Gaussian copula function to evaluate or even eliminate risk. And why not, they're just behaving in a logical, capitalistic way, as pay in the financial sector has risen dramatically. From 1948 to 1982, average compensation ranged between 99 percent and 108 percent of the average for all domestic private industries. From 1983, it shot upward, reaching 181 percent in 2007. Works intended as cautionary tales of excess such as The Bonfire of the Vanities, Barbarians at the Gate and Wall Street, have served only to increase Wall Street's mystique. 10 years ago if you'd have been walking down the main drag of my home in Poznan, Poland, Swiety Marcin, you would've been able to stop at a variety of shops. Today, you can drop by a branch of some bank and walk by empty shops squeezed out by the higher rents brought on by their well-heeled neighbours. Speak to the majority of the brightest minds entering higher education and you'll learn that most dream of a career on Wall Street. And why wouldn't they? Even after the crash, the 30,000 employees of Goldman Sachs earn an average salary of $700,000. Eight major American and European banks will pay the 141,000 employees in their investment banking units $77 billion in 2011, about $543,000 per worker.

While the financial crisis may have been good for the planet, it wiped out a lot of wealth; US households alone saw their
net worth decline by $13 trillion. There was a time when bankers had to pay a price for their mistakes; if you ran a bank, and the bank couldn’t repay depositors or other creditors, those people had the right to confiscate all your personal assets and income until you repaid. Even the idea of 'double liability' in which stockholders were responsible for twice the original value of their shares in a bank existed until the age of the Fed in the US. Let's see a few examples of what happens today:

AIG. Patient Zero of the global economic meltdown, Joseph Cassano, head of AIGFP (400 employee London-based AIG Financial Product division). After bundling the crappiest mortgages they could find and slapping AAA ratings on them, banks needed someone to insure them. Enter Joseph and the Amazing Technicolor Credit Default Swaps, CDS. AIGFP's returns went from $737 million in 1999 to $3.2 billion in 2005. Over the past seven years, the subsidiary's 400 employees were paid a total of $3.5 billion; Cassano himself pocketed at least $280 million in compensation. Of course we know how this story ends, housing prices start falling, AIG's AAA credit rating begins to slide, triggering collateral calls and by February 2008, AIG is posting an $11.5 billion loss. What happens to Joseph? Burned at the stake? No, the company not only allowed Cassano to keep $34 million in bonuses, it kept him on as a consultant for $1 million a month. A short time later, it came out that AIG was planning to pay some $90 million in deferred compensation to former executives, and to accelerate the payout of $277 million in bonuses to others. When Congress balked, AIG canceled the $90 million in payments. Then, in January 2009 AIG decided to pay out another $450 million in bonuses. And to whom? To the 400 or so employees in Cassano's old unit, AIGFP, which is due to go out of business shortly! Yes, that's right, an average of $1.1 million in taxpayer-backed money apiece.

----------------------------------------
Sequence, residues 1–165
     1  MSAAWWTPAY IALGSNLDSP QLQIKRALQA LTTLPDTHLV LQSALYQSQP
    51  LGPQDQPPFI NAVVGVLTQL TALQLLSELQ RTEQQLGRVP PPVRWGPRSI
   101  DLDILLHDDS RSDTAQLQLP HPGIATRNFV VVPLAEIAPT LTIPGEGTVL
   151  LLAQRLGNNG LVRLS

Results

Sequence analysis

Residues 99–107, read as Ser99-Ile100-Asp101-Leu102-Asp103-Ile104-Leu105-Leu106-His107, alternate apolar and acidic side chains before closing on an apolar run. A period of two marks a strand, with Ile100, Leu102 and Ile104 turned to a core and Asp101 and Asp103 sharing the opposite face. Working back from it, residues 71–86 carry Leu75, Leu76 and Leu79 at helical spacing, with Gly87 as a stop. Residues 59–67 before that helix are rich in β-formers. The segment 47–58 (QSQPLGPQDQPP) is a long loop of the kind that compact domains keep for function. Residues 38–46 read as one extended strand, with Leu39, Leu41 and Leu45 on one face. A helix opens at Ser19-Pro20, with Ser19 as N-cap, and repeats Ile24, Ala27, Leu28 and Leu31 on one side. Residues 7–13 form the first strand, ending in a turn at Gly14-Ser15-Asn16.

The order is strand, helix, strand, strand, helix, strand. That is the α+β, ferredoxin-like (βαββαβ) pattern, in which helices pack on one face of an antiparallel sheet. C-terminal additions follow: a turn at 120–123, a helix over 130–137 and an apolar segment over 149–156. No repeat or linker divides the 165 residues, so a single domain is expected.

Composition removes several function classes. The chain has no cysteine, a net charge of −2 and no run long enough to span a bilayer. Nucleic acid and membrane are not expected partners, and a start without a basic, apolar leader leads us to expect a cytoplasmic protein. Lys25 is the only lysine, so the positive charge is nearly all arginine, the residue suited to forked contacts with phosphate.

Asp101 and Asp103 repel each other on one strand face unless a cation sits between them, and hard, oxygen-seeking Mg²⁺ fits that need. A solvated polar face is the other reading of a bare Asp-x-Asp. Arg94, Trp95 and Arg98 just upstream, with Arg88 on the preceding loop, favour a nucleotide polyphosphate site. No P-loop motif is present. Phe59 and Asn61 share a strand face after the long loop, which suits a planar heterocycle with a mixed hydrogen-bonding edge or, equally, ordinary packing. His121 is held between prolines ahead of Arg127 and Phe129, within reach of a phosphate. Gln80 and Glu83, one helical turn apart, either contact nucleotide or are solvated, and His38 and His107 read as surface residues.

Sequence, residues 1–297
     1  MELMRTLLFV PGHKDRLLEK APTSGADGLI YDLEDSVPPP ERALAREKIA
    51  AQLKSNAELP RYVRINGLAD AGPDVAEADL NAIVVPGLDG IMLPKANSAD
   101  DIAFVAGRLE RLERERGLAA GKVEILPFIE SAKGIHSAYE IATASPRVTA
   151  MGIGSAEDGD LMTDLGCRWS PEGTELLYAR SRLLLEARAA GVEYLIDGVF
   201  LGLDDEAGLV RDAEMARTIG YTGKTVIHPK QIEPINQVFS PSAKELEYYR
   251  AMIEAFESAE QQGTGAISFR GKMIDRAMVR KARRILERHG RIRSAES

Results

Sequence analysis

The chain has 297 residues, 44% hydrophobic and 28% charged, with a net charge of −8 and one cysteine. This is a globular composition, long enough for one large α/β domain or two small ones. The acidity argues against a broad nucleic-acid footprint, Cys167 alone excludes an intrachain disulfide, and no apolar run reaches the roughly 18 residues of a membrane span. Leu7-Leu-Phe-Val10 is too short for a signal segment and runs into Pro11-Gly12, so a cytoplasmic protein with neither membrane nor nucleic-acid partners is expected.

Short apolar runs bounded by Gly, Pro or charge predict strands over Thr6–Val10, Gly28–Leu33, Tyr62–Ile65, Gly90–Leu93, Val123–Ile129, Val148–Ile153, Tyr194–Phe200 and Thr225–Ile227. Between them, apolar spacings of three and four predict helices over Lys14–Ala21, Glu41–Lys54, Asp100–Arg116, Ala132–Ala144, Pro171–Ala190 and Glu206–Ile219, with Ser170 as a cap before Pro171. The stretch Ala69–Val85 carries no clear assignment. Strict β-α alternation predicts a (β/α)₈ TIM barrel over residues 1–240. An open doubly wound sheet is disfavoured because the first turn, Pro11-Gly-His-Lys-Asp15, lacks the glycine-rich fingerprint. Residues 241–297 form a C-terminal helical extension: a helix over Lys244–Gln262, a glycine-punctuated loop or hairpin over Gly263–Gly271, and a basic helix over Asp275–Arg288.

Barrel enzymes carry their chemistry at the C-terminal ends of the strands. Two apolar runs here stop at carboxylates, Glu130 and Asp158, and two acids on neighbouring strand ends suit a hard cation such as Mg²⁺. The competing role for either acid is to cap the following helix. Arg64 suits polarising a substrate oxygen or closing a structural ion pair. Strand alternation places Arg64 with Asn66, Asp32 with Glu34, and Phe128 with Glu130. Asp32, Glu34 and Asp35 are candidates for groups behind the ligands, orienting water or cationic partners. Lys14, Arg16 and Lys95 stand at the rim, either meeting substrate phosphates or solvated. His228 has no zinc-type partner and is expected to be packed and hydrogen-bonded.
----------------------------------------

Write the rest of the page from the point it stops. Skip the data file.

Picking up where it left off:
Two of the other main culprits in the financial meltdown, Fannie May and Freddie Mac,
have actually gotten bigger, and therefore more dangerous.

Merrill Lynch CEO Stanley O'Neal, a man who acknowledged his mistake in
overexposing his firm to subprime and thus causing its downfall walked away from the company with a severance package worth $162 million. Executives of the company had their $3.6 billion in bonus payments moved forward to December last year before the firm was taken over by Bank of America for fear of having them cancelled. Well, at least someone's trying to do something about it.

Five of the biggest US banks - Goldman, JPMorgan, Wells Fargo, Citigroup and Bank of America - posted second-quarter profits totaling $13 billion. That's more than double what they made in the second quarter of 2008 and nearly two-thirds as much as the $20.7 billion they earned in the second quarter of 2007, when the economy was strong. The main argument for the bank bailouts was that they were "too big to fail", yet the net result is banks that are now even bigger. The bailout enabled mergers and acquisitions have left those banks still standing in an even more dominating position. And what happens when 4 banks (Bank of America, Wells Fargo, JP Morgan Chase and Citi) issue one of every two mortgages and about two of every three credit cards? The top four banks raised fees related to deposits by an average of 8 percent in the last quarter.

Speaking of Bank of America,
take a look at this sweet deal they got.

In the UK, banks such as RBS, the Royal Bank of Scotland, behaved even more scandalously. Despite posting the largest loss in UK banking history a year ago, the former chief accused of bringing the bank to its knees, Sir Fred Goodwin, not only received a £2.7 million tax-free advance on his vast pension, he'll get £693,000-a-year as it's total worth is £16 million. I do suppose home security will be expensive for him. Well, they did say sorry, which I guess is why they figure it's OK to pay new boss Stephen Hester £9.6 million a year.

Barclay's got some of Lehman's US business, including its
glitzy Manhattan headquarters, for what many regard as a fire-sale price, $1.75 billion. Well, I guess you deserve a prize for remaining the
only major British-owned High Street bank to be fully independent from government capital.